Do we have to fight out the liberal/conservative ideology in the ELCA as we did in TEC? How long will it take before we self-destruct in ELCA as TEC has done it? TEC is much longer established than ELCA has been. Is there any way to address the issues without throwing the baby out with the bath water as TEC has done? I am not sure. But I do know that no matter what we do, Christ must be proclaimed and kept before the people of God in the parishes.
Does that mean that I ignore the war waging around me? Do I not take up for the LGBT community when derogatory remarks are made? No, but it does call me to demand from myself a kind of behavior that is hard to maintain—calm, centered on Christ and a refusal to respond to the anger and spite of those who would say that I am wrong, evil or perverted. This is what I learned from TEC—this is what I couldn’t do in TEC. I guess because it came from "family" in TEC that it had so much more power.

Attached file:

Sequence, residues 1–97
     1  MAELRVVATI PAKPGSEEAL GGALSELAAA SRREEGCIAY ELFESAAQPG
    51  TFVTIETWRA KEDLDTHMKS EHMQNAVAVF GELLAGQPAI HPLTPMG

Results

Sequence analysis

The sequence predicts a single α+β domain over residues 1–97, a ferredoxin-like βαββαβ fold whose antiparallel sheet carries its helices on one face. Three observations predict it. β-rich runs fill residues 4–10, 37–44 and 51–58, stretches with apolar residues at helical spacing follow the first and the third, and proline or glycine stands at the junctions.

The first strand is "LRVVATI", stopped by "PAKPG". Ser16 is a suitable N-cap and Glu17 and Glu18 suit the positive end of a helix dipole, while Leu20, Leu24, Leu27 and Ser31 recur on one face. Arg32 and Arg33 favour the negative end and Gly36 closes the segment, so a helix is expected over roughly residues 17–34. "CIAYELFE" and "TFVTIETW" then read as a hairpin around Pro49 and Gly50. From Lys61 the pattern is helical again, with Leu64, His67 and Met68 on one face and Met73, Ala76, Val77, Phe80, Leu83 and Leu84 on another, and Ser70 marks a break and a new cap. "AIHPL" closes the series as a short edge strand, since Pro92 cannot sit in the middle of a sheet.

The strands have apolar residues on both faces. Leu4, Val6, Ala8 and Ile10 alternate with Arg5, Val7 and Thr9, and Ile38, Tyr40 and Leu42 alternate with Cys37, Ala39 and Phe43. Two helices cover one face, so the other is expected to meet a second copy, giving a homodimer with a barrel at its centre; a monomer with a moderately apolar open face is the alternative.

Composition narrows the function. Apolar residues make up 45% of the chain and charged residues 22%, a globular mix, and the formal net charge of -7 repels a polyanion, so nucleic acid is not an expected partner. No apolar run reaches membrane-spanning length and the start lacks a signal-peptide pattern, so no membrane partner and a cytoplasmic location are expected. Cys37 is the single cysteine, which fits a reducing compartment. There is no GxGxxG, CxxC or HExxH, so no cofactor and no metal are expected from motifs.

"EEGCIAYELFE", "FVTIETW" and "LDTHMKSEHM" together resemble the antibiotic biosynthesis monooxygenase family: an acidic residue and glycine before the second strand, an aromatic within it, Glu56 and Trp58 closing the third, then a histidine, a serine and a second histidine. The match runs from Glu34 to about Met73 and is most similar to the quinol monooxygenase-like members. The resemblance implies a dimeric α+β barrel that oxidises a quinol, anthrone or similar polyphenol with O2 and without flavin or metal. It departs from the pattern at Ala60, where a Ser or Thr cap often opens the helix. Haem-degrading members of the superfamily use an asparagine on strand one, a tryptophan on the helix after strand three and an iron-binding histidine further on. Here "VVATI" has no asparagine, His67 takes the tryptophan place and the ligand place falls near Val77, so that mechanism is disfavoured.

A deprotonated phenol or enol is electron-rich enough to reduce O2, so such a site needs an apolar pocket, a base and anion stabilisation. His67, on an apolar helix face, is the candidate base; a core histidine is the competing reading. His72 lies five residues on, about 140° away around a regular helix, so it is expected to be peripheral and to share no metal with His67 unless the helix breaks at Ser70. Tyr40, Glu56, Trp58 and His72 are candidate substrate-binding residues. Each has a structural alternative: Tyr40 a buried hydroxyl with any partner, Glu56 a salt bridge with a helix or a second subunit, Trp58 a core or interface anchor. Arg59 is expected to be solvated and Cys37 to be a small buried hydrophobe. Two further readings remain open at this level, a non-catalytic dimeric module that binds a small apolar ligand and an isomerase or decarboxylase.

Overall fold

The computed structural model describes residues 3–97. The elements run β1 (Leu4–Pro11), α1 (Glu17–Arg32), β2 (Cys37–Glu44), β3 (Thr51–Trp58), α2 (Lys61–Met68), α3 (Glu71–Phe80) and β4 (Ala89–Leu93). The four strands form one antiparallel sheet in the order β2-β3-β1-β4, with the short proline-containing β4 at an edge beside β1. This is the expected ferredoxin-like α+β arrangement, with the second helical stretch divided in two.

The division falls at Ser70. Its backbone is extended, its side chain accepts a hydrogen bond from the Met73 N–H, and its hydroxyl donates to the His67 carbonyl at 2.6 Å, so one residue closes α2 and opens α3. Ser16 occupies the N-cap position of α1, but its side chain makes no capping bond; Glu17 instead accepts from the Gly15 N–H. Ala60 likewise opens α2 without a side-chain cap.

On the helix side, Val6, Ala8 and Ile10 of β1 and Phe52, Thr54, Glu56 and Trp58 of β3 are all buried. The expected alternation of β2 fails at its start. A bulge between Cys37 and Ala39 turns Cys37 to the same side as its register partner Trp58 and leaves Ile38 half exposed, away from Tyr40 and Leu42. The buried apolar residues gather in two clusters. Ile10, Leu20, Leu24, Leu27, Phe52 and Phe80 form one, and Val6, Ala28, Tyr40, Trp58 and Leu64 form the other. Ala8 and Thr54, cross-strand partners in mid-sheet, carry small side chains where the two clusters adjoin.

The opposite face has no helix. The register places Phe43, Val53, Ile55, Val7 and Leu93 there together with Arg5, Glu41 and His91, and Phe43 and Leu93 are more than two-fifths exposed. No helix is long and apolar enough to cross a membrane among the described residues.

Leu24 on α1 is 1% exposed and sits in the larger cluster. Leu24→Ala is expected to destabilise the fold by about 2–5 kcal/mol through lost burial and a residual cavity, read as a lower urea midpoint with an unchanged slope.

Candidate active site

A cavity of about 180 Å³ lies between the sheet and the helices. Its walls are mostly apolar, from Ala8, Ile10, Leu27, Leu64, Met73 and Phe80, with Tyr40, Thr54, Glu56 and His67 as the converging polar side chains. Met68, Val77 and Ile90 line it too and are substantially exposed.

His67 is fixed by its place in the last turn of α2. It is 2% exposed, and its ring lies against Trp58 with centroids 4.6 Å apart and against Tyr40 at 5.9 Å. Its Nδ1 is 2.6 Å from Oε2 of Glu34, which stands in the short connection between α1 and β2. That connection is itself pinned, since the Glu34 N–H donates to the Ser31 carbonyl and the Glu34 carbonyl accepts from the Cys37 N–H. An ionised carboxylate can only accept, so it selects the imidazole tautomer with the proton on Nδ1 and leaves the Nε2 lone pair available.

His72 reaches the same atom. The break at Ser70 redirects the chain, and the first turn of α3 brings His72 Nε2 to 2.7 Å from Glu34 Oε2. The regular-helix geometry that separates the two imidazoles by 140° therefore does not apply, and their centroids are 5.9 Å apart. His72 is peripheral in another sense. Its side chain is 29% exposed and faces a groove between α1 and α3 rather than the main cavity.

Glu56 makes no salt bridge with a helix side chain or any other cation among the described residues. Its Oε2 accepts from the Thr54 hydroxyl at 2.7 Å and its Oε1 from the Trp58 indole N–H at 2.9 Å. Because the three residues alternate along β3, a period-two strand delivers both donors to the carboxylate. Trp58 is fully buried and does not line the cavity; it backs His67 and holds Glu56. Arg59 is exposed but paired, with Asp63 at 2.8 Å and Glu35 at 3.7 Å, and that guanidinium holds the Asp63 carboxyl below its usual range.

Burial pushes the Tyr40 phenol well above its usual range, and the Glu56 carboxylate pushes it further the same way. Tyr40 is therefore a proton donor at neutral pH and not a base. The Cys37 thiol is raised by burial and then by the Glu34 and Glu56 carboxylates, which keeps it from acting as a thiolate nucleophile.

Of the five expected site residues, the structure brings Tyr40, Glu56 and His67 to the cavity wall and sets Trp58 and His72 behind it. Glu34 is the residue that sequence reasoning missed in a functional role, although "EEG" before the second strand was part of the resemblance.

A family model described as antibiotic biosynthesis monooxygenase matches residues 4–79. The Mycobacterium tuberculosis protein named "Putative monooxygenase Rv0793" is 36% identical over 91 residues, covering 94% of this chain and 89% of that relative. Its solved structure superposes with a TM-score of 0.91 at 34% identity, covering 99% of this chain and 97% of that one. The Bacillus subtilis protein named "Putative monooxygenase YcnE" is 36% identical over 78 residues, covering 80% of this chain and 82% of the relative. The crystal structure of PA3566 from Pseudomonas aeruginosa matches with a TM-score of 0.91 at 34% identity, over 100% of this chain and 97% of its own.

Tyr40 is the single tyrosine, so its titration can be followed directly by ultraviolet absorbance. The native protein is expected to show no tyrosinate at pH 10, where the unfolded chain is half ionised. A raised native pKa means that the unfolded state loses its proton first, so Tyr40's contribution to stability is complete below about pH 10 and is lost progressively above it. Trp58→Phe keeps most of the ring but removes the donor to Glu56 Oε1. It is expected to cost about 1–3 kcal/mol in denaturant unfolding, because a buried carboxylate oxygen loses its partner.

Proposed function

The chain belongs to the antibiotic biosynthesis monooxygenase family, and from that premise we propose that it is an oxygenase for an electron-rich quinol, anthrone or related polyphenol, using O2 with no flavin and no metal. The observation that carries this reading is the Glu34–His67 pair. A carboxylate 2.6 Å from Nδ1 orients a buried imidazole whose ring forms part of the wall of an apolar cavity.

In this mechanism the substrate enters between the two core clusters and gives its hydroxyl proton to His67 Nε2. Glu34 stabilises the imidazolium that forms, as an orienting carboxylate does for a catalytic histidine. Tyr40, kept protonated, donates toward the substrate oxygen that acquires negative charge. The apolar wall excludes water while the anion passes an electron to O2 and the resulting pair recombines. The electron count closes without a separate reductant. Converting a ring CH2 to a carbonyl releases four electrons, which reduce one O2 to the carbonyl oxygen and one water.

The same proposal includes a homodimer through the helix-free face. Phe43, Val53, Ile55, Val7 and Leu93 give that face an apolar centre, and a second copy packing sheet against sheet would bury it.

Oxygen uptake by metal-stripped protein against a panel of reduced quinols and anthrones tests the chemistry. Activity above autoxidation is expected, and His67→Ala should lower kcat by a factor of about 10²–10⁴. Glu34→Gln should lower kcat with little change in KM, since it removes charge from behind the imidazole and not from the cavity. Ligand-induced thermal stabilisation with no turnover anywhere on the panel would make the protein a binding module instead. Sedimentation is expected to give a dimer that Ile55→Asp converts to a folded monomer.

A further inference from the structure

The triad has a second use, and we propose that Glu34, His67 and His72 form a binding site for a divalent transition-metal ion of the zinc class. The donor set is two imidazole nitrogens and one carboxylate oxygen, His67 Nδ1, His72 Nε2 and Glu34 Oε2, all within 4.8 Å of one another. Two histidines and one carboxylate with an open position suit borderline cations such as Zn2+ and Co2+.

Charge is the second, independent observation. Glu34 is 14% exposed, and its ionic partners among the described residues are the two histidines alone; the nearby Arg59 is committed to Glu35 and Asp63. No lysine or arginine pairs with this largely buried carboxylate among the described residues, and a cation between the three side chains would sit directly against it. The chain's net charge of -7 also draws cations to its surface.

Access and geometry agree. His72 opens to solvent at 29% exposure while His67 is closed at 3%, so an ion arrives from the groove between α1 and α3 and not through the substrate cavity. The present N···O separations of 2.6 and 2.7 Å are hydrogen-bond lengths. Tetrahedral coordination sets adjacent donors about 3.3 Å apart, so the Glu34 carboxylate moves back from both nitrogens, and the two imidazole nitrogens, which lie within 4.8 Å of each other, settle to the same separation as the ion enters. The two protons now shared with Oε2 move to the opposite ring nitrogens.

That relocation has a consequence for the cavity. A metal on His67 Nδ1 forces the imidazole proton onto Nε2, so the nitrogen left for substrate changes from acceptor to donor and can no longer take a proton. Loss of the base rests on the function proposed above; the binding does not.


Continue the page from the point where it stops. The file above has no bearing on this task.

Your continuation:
Will others learn from me? Perhaps some, but most will have to do their own experiential falling flat on their faces. I hope some will understand what they are doing is sinful, but I doubt that too. Will some go away mad? Yes, because they have put their faith in ideology rather than in Christ himself. Will the Church change? Yes, despite all the efforts to keep it from doing so and despite all the efforts to make it what it once wasn’t.
The Church will change no matter what we do. Just like we change no matter how much we would like to stay the same. We get old and crotchety, and vital mechanics in our bodies fail. So too, it is with the Church, and the new never feels the same. Deo Voluntatis!